“Arkansas ranks fifth in the nation for the highest percentage of adults who smoke – an unwelcome distinction from a health perspective,” Charles O. Cranford, D.D.S., M.P.A., vice chancellor for regional programs at UAMS, says. “As a result, the state has the second-highest death rate from lung cancer and the fourth-highest rate for deaths directly attributed to smoking.”
Competition for American Legacy Foundation grants is stiff. Project Director Gaylene Mooney said, “Of the 187 applicants for grants, only 32 were funded, including our proposal. The process in highly competitive. Fifteen organizations received a one-year grant and 17 entities, like us, received three-year grants in the range of $75,000 to $200,000 per year.”
Cheryl Healton, the foundation’s president and chief executive officer, praised UAMS for its commitment to reducing tobacco use.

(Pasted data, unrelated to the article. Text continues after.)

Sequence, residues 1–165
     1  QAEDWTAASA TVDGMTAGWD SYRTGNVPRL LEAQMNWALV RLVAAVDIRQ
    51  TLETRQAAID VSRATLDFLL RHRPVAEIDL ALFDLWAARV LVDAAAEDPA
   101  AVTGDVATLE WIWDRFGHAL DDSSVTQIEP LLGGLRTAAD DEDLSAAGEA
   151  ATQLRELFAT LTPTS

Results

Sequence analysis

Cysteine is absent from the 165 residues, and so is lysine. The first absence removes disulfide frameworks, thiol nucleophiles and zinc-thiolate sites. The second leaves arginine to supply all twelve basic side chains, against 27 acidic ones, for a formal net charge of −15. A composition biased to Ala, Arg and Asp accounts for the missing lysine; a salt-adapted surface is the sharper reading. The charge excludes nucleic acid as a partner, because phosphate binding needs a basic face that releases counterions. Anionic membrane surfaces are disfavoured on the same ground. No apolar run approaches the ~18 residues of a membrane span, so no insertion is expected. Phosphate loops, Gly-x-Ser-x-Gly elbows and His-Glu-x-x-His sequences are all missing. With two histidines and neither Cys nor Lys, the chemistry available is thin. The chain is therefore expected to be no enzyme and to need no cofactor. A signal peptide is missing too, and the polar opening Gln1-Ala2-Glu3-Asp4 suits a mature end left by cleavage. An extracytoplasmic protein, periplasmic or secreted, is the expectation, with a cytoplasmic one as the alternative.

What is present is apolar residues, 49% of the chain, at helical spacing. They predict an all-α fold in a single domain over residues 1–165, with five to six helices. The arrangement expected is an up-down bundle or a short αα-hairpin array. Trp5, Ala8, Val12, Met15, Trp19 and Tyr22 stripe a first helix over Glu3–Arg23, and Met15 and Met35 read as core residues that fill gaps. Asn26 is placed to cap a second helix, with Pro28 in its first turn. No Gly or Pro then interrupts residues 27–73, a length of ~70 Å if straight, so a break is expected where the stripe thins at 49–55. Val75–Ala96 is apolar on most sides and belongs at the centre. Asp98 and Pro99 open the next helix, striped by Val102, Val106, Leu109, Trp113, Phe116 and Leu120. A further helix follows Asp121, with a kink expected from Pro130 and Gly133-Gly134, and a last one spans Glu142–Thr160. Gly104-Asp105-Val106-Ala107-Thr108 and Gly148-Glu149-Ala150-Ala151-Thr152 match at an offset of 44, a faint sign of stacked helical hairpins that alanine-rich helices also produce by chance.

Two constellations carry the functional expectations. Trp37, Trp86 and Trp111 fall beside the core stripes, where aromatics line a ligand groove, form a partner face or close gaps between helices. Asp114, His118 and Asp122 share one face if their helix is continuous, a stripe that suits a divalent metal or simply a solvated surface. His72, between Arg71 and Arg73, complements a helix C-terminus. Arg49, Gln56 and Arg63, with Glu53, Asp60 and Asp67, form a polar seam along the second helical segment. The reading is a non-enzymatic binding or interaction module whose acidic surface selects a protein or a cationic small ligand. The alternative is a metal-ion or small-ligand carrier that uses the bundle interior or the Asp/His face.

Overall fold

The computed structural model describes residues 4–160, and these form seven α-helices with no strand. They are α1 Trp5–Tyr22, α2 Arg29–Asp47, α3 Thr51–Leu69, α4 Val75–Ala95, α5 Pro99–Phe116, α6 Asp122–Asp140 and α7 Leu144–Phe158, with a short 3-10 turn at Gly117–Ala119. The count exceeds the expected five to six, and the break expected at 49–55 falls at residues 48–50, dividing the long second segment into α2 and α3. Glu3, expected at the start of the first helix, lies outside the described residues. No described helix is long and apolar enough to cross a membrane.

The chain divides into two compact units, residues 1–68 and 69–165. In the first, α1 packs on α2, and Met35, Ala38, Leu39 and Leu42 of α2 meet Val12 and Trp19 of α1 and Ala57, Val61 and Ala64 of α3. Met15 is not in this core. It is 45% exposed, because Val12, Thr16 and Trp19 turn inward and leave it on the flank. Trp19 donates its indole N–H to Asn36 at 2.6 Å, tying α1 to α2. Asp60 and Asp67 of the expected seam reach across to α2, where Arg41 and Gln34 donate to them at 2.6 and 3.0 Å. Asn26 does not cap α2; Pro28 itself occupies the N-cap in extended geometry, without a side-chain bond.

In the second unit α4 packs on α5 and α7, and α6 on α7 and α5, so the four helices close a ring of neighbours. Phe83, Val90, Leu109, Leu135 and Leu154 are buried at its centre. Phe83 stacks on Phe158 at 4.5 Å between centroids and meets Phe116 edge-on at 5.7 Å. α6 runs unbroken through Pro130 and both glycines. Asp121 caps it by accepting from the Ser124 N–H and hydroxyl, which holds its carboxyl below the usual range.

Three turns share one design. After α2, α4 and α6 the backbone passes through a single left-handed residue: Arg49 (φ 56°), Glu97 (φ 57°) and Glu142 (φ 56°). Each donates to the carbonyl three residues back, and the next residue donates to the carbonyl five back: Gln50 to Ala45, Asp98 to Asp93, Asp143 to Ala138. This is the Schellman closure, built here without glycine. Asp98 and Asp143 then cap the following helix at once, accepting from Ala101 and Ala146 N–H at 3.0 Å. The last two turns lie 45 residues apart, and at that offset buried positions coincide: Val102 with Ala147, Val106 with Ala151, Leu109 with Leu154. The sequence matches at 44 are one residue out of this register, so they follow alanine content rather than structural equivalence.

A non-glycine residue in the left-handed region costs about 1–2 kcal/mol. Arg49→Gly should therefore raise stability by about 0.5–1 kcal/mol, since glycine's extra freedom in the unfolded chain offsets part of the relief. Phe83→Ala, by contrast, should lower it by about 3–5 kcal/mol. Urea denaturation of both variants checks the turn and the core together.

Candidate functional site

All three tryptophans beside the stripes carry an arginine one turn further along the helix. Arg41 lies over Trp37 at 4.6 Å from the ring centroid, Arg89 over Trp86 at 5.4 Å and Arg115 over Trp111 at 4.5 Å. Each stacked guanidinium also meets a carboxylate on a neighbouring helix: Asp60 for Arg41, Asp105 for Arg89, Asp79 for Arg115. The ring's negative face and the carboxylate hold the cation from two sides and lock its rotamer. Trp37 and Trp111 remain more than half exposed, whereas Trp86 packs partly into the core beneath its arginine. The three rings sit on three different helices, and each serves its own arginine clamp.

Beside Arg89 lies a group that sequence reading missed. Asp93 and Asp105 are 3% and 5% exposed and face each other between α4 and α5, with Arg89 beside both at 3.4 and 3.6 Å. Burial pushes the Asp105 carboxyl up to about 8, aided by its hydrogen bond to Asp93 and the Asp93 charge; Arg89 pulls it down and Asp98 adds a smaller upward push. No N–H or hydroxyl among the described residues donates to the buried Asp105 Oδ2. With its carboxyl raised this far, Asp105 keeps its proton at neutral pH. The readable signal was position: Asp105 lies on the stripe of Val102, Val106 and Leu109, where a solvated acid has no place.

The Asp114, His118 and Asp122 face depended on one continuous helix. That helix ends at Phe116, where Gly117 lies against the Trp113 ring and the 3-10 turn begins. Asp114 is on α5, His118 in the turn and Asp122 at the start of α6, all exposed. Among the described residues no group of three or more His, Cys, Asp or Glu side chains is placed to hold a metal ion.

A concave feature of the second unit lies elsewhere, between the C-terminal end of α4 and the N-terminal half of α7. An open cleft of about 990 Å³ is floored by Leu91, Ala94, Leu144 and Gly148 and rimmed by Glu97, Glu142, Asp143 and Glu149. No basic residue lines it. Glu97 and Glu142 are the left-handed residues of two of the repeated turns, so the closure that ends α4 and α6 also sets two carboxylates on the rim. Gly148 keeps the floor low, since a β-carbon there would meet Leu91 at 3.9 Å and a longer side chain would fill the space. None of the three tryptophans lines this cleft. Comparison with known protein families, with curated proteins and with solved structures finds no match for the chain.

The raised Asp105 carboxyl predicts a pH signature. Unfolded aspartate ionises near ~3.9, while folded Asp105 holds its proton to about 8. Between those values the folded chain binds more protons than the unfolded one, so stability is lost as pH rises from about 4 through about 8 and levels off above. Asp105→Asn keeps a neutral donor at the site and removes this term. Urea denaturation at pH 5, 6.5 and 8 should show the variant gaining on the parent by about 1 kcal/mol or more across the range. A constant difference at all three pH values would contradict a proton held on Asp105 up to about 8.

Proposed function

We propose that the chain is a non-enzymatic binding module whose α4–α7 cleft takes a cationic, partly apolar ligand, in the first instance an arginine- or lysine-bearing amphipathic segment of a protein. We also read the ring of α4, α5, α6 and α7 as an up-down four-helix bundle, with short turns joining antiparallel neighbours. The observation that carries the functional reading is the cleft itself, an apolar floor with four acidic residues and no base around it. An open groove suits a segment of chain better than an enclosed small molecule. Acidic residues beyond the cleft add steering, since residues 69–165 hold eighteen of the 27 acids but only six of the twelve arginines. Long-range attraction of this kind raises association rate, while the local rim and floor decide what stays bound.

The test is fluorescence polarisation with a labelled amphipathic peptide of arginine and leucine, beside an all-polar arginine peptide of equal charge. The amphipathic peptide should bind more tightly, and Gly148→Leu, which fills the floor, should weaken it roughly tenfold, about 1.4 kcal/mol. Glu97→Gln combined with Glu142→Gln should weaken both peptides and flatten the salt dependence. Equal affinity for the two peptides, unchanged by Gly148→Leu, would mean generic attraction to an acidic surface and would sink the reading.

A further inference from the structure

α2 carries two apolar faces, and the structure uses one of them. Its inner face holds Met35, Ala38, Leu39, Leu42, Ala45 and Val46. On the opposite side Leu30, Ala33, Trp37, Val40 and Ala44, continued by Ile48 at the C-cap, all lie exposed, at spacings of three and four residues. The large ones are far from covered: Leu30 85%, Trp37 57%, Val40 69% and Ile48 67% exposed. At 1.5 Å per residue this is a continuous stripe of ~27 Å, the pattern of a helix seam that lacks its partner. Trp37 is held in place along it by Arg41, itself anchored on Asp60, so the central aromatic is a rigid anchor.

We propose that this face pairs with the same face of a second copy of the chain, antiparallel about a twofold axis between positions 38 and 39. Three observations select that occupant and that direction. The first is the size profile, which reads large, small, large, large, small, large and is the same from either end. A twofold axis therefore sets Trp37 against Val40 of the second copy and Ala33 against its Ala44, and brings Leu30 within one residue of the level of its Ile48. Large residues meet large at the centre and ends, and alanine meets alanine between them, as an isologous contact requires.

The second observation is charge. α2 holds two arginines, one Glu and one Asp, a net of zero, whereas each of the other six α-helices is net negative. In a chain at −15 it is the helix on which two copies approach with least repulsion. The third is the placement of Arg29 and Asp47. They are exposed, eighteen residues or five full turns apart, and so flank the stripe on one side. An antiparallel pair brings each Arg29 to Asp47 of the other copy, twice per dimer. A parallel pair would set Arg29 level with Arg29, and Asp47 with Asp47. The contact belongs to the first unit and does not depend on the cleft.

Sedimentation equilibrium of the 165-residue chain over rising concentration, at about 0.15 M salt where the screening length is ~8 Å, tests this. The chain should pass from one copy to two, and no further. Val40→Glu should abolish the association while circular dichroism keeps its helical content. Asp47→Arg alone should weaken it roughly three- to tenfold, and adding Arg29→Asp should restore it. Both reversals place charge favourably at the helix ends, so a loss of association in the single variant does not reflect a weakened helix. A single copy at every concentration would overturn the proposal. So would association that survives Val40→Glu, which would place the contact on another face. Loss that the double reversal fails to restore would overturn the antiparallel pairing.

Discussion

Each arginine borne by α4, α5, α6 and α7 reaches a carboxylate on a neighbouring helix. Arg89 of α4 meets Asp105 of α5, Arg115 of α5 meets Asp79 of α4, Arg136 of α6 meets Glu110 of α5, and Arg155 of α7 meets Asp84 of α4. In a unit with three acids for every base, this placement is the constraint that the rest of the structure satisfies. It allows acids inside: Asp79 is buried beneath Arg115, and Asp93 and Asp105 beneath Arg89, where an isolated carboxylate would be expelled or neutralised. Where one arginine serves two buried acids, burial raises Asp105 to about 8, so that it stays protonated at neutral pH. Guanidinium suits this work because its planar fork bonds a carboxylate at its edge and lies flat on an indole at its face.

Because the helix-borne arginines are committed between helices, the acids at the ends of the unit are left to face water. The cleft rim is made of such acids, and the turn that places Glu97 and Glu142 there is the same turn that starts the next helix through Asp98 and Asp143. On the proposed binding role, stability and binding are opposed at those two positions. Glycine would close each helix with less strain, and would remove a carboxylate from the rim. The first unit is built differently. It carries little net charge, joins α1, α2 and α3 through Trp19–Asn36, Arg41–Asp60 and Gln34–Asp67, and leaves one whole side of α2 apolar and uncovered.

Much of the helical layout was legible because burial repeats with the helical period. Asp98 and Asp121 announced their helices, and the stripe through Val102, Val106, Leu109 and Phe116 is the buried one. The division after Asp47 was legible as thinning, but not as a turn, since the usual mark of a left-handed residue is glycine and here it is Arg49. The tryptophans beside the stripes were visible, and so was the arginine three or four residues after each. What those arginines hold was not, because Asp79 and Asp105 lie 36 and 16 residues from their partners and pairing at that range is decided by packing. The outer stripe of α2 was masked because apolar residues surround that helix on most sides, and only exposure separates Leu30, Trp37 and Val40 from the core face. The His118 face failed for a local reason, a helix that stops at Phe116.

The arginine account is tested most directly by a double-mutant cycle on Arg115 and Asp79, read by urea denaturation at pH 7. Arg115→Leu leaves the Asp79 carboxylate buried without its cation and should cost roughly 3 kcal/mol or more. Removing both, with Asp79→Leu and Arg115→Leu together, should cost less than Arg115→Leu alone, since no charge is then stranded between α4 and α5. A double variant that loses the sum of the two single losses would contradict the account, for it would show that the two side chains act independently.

The project in southwest Arkansas will expand effective, clinically-based smoking cessation services through expanded training; foster tobacco control programs that are comprehensive and culturally sensitive; and improve smokers’ quit rate by increasing the number of AHEC clinics with formal protocols for identifying smokers, assessing their readiness to quit, making appropriate referrals, improving long-term follow-up and tracking of of program participants.
American Legacy Grant Supports Anti-smoking Programs in Southwest Arkansas exportuser 2018-01-05T08:53:01+00:00